National Poetry Day: The Seventh Day

Sorry I’ve been a bit quiet. I’ve just written this, for National Poetry Day – the theme of which is ‘remember’.

The Seventh Day

Now hold on a second, young lady,
please hold onto a second.

Hold it ’til your knuckles are white,
your black glitter nail varnish chipped,
hold onto it –

Now hold on a second,
you’re going nowhere like that.

You’re going nowhere.

Please go nowhere all over
and forever again, go nowhere,
hold on,

say something good
before you shut the door

like when you’ll be back,
like a joke
an inside joke just for me,
a secret so hilarious
I swear I’ll go hysterical

or a blown kiss.
Feel your palm damp with the ring of your lips
when it disappears into a skinny denim pocket.

Now just hold on a second,
and a second more,
hold on,

I’m not done and won’t ever be done

I think if you let go
I’ll stay half-baked forever –

The State of Dreaming

This is, image-for-image, action-for-action, a genuine dream I had last week.

As a rule, my dreams are boring. I don’t know why. It doesn’t really bother me. I once dreamt that I woke up to find a poster in my room on a different wall. At my grandparents’ house I once dreamt that I went downstairs, opened the fridge and drank a glass of milk. The next day I found a small ‘dream dictionary’ in a bedroom and went through it, laughing with my sister as we ‘defined’ one another’s dreams. I looked up the definition of milk. Naturally, it was semen. So apparently I dreamt of drinking a glass of semen. Despite the obvious fact that the book was spiritualist bullshit, I was weirded out. But what’s weirder; drinking a glass of semen or keeping semen in cartons in the fridge?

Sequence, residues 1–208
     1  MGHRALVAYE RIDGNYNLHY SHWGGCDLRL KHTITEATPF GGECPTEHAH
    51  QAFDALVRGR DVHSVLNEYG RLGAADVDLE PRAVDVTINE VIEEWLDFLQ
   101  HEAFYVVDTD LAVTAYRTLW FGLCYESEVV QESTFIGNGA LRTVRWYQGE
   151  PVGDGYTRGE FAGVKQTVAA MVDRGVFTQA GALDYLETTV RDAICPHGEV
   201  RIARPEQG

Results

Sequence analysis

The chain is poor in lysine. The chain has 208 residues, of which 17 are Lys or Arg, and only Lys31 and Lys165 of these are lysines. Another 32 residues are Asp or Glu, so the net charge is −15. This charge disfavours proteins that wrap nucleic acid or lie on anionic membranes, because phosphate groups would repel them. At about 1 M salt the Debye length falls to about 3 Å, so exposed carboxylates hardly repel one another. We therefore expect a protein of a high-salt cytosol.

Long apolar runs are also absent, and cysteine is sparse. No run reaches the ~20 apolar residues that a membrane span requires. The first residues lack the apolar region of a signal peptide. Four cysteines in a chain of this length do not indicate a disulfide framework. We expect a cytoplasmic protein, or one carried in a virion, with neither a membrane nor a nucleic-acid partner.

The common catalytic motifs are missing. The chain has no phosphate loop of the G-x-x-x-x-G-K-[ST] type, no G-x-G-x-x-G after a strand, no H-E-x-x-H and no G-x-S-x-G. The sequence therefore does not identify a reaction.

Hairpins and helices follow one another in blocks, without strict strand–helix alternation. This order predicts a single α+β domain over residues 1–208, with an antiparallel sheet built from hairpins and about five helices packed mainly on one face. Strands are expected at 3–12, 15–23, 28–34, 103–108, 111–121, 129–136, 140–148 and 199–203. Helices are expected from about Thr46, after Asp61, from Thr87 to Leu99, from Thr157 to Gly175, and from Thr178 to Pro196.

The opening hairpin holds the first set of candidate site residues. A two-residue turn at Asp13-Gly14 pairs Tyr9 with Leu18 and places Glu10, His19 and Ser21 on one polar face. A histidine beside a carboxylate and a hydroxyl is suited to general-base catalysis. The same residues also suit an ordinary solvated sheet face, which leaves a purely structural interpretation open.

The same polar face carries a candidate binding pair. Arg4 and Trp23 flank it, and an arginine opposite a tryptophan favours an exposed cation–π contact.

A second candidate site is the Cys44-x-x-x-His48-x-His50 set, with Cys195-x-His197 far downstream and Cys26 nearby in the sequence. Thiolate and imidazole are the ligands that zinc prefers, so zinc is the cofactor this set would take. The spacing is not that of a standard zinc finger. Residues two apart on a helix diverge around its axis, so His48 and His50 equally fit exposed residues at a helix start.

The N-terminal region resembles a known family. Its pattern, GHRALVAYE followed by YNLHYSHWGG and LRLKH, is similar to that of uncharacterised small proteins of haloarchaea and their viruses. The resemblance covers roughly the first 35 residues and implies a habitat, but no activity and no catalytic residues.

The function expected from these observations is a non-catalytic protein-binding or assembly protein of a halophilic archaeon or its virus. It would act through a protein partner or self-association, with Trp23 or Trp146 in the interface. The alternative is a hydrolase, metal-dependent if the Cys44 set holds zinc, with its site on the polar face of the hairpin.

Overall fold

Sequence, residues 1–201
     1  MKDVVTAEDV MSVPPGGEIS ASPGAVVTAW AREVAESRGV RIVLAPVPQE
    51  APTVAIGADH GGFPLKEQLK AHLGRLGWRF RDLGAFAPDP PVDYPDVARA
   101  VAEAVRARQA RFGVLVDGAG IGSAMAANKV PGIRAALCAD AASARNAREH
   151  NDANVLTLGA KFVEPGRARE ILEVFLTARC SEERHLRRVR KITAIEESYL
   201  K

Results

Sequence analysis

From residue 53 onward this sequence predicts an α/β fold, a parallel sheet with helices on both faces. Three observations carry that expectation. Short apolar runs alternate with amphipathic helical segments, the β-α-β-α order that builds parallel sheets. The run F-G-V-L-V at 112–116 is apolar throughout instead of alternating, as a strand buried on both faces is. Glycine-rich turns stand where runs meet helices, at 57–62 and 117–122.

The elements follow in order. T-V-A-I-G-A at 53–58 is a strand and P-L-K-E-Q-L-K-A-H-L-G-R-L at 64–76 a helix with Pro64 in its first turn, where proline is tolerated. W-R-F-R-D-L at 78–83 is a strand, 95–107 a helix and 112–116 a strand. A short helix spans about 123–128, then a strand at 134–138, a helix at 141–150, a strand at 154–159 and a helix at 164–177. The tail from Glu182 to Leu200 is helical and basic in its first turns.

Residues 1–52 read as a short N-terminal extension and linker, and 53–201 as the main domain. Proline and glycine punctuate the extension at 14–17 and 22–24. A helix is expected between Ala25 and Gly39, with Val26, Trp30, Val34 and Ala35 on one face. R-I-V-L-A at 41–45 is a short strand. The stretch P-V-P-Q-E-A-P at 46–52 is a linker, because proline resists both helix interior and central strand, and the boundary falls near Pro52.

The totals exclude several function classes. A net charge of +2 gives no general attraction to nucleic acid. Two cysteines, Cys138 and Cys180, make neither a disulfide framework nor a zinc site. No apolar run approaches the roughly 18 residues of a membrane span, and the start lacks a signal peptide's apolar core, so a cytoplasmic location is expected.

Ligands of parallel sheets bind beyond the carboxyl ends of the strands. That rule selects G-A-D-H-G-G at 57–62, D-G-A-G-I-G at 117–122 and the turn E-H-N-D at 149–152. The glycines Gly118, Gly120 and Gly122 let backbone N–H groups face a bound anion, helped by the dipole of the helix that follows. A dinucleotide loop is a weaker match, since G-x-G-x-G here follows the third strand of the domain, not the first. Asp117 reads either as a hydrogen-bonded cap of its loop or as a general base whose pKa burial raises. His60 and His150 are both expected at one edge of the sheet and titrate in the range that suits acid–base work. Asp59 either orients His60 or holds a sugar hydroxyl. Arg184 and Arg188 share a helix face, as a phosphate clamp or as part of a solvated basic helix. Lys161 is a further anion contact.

My friend once said – quite accurately – that my dreams are boring because they could all feasibly occur in reality.

Anyway, the dream I had a couple of weeks ago is weirdly complex and layered. So it’s best understood as I ‘lived’ it – live action, present tense, short story-esque…

I’m on a train that has just pulled up into King’s Cross Station. I probably caught the train from Newark North Gate. As the train groans to a halt, everyone on the train is suddenly – I don’t know how – acutely aware that there is a bomb somewhere on the station.

Everyone gets panicked and for some reason choosing which carriage from which to leave the train becomes an incredibly important detail. What’s better – the carriages closer to the exits but the heart of the platform or the carriages further away from the station’s nucleus but a fair distance from a main exit?

Boringly, I choose a middle carriage and rush off. Everyone is running in one direction – towards the main gates – and like a sheep I follow them. Soon it gets to the point where there are so many of us being shepherded along we can no longer run, and instead we are all huddled together, waddling like penguins.